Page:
Death penalty crossroad
Chicago--Illinois continued to hold its place as the
national center of debate on the death penalty as clemency hearings ordered by
Governor George Ryan began on Oct. 15. Members of the state's Prison Review
Board reviewed the cases of the 160 Illinois death row inmates, hearing
testimony from both the prosecution and the defense. The board will make
non-binding recommendations to the governor.
The hearings have intensified debate on the death penalty
in Illinois. It is widely expected that Governor Ryan will commute most--if not
all--of the death sentences in effect before he leaves office at the end of this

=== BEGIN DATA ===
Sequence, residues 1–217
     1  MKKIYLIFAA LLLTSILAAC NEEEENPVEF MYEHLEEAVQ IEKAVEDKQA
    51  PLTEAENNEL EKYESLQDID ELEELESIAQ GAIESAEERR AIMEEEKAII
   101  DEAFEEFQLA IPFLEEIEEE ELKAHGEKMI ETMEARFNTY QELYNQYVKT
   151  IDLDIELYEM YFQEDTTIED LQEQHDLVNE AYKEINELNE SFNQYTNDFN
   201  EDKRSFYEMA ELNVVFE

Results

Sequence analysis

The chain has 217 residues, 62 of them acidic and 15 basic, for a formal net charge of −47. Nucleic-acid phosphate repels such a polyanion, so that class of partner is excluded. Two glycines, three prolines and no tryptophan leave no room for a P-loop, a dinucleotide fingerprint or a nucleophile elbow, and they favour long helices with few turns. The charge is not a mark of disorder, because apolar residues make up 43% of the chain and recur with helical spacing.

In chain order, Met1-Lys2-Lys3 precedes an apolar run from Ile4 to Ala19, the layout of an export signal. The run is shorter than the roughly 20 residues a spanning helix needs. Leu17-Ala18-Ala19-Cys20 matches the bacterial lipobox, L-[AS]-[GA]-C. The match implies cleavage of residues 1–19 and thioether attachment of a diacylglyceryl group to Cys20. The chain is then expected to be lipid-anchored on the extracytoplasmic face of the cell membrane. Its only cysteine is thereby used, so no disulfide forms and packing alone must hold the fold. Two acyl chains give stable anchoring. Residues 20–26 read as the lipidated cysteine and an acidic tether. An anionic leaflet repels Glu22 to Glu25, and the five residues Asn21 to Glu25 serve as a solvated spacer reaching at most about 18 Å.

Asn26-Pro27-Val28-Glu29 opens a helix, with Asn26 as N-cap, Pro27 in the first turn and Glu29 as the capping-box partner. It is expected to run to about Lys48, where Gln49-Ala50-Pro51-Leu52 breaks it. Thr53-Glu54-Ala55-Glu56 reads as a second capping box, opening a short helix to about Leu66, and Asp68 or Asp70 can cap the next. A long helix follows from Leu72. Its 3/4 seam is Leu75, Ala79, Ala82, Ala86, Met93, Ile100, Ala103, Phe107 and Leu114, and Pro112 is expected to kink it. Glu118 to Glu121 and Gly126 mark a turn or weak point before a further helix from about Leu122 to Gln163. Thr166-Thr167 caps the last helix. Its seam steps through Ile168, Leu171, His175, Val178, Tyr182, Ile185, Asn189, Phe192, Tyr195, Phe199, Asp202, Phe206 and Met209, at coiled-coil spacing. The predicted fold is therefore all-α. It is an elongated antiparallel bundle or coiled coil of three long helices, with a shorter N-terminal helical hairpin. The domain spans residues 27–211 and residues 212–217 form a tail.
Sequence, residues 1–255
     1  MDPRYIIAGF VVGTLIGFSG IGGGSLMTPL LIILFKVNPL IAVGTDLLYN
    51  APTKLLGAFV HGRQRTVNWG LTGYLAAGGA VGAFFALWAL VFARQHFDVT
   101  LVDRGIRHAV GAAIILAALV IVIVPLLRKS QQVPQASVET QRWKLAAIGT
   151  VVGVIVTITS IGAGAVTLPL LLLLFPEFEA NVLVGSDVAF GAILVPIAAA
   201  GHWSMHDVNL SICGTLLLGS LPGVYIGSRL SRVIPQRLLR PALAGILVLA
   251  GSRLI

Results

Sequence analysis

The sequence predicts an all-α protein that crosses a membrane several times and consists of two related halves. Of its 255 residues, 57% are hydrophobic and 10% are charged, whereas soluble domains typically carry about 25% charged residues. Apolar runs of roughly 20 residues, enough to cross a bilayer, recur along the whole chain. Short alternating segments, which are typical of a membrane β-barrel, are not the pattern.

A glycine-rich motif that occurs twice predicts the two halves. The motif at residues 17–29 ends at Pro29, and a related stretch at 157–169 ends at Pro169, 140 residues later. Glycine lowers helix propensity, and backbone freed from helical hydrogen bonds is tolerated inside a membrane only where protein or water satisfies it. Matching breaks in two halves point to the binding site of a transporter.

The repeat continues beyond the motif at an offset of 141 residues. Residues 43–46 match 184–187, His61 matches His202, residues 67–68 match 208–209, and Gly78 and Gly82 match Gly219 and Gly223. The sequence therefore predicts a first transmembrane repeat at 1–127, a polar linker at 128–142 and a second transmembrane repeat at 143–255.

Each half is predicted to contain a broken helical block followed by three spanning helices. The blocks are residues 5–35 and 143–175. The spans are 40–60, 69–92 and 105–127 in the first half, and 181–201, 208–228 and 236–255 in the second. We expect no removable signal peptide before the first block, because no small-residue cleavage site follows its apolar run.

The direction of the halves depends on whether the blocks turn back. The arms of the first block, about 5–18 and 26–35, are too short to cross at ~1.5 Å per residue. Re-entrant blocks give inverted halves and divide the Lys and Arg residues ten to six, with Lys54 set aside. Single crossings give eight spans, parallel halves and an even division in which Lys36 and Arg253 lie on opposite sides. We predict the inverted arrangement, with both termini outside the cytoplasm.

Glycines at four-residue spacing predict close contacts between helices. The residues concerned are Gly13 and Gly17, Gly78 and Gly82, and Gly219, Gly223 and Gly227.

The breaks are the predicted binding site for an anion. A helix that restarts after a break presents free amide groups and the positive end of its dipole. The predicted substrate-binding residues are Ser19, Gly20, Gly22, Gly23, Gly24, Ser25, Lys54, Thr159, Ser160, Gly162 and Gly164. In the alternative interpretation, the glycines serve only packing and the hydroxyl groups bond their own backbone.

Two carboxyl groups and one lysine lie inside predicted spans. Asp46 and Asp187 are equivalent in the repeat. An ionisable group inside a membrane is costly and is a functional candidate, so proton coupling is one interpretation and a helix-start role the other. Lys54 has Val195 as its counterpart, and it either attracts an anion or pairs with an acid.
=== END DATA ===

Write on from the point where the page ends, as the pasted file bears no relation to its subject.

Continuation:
year. Ryan imposed a moratorium on executions in January of 2000 after a string
of capital sentences involving forced confessions, prosecutorial misconduct, and
poor legal defense work were overturned.
A panel appointed by the governor to examine the death
penalty turned in a list of recommended reforms to the institution, but did not
advocate abolishing it.
Several death row inmates are actively seeking pardons, not
simply the commutation of their sentences. Aaron Patterson and a number of other
men condemned to die maintain that their confessions were tortured out of them
and want to walk out of prison as free men.
Published by News and Letters Committees